Ed. Note: Lewis Jaffe runs the website bookplatejunkie.blogspot.com, which features images from his and others’ collections of bookplates used by important figures in the theatre profession as well as in cinema and television.
Bookplates: why I collect them
I am retired now and devote a good deal of time in pursuit of and learning about new bookplates for mycollection. A client once asked me why people collect? It wasn’t meant to be a trick question but at the time I was at a loss to explain.
Upon reflection the answer which suits me best is that collecting is therapeutic. Sometimes I feel like an archeologist digging up old artifacts or a detective trying to locate a person. Interestingly enough several entertainers were also notable rare book collectors. Among them were James Cagney, Jean Hersholt, and George Jessel.
Here are some time-tested ways to obtain bookplates
eBay: When I started this adventure about 45 years ago there was no Ebay, so I built a collection without it. Today Ebay is certainly an excellent way to find bookplates from around the world. It takes time and discipline because there is so much clutter and misrepresentation, but it is still worth the effort.
Bookplate Societies: When I first got interested in bookplates I joined both The American (www.bookplate.org) and English (www.bookplatesociety.org) bookplate societies. That gave me an opportunity to meet with and obtain bookplates from other collectors. It still makes good sense to join these organization and exchange bookplates with other collectors.
Antiquarian and used booksellers will go out of their way to help you if you make your interest known to them. It gets harder each year as the number of open shops decreases, and the number of pre-1940’s books on the shelves are decreasing. Nevertheless, it is often productive. Start looking in either the poetry or drama sections as owners of such books seem to have used bookplates more frequently and there is often less turnover of inventory. Ask the bookseller if he keeps a box of detached boards. I have found some excellent 18th century plates in such boxes.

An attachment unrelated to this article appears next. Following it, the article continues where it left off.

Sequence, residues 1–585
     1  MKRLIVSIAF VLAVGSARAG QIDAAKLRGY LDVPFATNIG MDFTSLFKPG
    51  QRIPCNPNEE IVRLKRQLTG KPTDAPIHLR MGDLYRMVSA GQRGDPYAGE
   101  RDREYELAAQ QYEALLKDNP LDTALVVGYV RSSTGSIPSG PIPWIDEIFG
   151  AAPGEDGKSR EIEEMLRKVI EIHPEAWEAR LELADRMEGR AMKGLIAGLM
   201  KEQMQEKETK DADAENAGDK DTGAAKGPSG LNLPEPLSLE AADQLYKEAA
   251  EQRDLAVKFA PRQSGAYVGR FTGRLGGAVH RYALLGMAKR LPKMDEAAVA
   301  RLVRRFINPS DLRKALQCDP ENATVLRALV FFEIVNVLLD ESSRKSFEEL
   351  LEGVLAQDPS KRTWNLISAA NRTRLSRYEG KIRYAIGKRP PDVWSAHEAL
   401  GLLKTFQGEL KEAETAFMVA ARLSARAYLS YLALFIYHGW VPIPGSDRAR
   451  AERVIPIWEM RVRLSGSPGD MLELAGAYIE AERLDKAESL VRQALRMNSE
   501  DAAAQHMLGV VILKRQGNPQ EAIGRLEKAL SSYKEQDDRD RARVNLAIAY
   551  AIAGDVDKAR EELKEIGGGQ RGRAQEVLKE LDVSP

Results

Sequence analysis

Bookbinders: In most large communities there is at least one hand bookbinder. Check the Yellow Pages, Google, or ask a book dealer. More often than not they, being pack rats, hold onto old bookplates, and in some instances are more than willing to sell you a cigar box full.
Book and Paper Shows: I have always enjoyed going to shows. After a while, dealers will save things for you. It pays to stop at every booth and ask.
Angel of Death letters: I am almost (not quite) embarrassed to admit to the fact that I used to look up the ages of bookplate collectors and wrote to all those over eighty to inquire if they knew of any collections for sale. The point is that it was very productive and I’ve purchased several major collections that way.
For the record, I am 77, so do not bother me until 2018!
Letters to Famous People: I’ve occasionally gotten some remarkable bookplates by writing to celebrities, but I have not had much luck in recent years. Most celebrity mail is filtered by clerks and more often than not you get a signed photo or an auto penned label.
Wylly Folk St. John
For those of you wishing to obtain additional information about this topic, Lew can be reached at Bookplatemaven@hotmail.com